A few weeks ago, I listening to a sermon by my friend Kenny Benge, pastor of St. Johns Anglican Church in Franklin, Tennessee. Towards the end, Kenny spoke on the subject of our purpose in life and read the following quote from the English Puritan William Perkins:
Concerning children: it is the duty of parents to make choice of fit callings for them, before they apply them to any particular condition of life. And that they may judge rightly what callings their children are fit for, they must observe two things in them: first, their inclination; secondly, their natural gifts—And here all parents must be warned that the neglect of this duty is a great and common sin—
— William Perkins, A Treatise of the Vocations (PDF)
When we think about callings, we tend to focus on our own calling, the process of discovering it and then fulfilling it. Perhaps we are part of a particularly self-absorbed generation, or perhaps this is simply human nature to think of ourselves first and others second. Rarely do we think about calling in terms of helping someone else find their calling.
Leading up to Mother’s Day, I’ve seen several articles that deal with the topic of mothering as a calling, either as a calling in itself, as part of a woman’s larger set of callings, or as a circumstance of life apart of any notion of “calling.” Never having been a mother, I won’t address that vocation. As a parent, however, this statement from Perkins caught me up short: Am I helping my children find their callings? How could I even begin to do that? Continue reading Helping Your Children Find Their Callings
It was my first business trip as Associate Director for InterVarsity’s Emerging Scholars Network, and it was going great. I had visited a couple of my oldest friends, who soon became my first financial supporters. At their church, they had introduced me to a PhD candidate who immediately understood and appreciated the idea behind ESN. This job is going to be easy, I thought. Then the PhD candidate said, “There’s someone you’ve got to meet. She’s the associate dean for the largest university in the state, and she’s sitting right over there in the first pew.” Excellent! Another convert to the cause of ESN.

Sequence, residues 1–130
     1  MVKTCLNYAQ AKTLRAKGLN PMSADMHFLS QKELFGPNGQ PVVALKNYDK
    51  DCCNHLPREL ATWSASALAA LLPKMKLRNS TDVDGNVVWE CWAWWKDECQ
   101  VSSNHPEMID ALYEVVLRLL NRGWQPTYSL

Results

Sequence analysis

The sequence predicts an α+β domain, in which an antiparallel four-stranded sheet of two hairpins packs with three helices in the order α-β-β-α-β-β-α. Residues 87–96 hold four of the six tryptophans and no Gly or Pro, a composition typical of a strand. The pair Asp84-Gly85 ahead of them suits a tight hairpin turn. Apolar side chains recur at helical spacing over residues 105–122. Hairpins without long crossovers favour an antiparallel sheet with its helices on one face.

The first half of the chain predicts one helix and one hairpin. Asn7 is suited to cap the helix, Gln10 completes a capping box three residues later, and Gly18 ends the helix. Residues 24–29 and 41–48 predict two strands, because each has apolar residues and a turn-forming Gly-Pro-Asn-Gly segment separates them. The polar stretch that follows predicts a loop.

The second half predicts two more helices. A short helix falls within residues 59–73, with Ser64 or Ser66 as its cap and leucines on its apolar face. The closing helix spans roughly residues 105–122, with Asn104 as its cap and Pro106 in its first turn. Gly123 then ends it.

“Hi, my name is Mike, and I work with InterVarsity’s Emerging Scholars Network”
“Really?” Her eyebrow went up. “What do you do?”
“I help students who are trying to get their PhDs and become professors.”
“Oh? And do you have a PhD?”
I didn’t like where this was going. “No, I don’t.”
“Then how could you possibly help?”
The conversation went downhill from there. At one point, she even said, “I don’t see the point in trying to ‘help’ students trying to become professors. If they can’t make it on their own, they don’t deserve to make it at all.”
Here was the exact kind of person that I thought would support my work wholeheartedly, and instead she dismissed it as a complete waste of time. Continue reading When Others Dismiss Your Work
I left the perfect job – twice.
This is a scary post to write because it’s so personal, but it explains a lot about why this blog is so important to me. The first time I left the perfect job, it was because I thought there was a better plan waiting for me (and there was). The second time, I had no plan at all – I just knew I needed to leave. This week, I’m sharing the story of how I left the first perfect job.
Leaving the First Perfect Job
In 2006, I was working for the Cincinnati Better Business Bureau, leading an ethics program for local charities. And I loved it. The people were great, the work was both challenging and fulfilling, and, though I had only worked for the organization for a couple of years, I had received an important promotion that led to an increased role in the organization’s strategic development. It provided the right blend of conceptual (“What does it mean to be an ethical nonprofit?”) and pragmatic (“How can I get more people to participate in our program?”) challenges that I enjoy.
The longer I worked there, though, the more I began to feel there was something missing, something more that I could be doing with my particular skills and passions. At about this time, my wife gave me a copy of Bill Hybel’s Courageous Leadership. One part of the book has stuck with me (here I’m paraphrasing):
If you don’t think God has given you a vision, have you ever asked him for one?
So, for the next 6 months, that was my prayer: Lord, please give me a vision. At the end of that time, I received one. Continue reading Leaving the Perfect Job – The First Time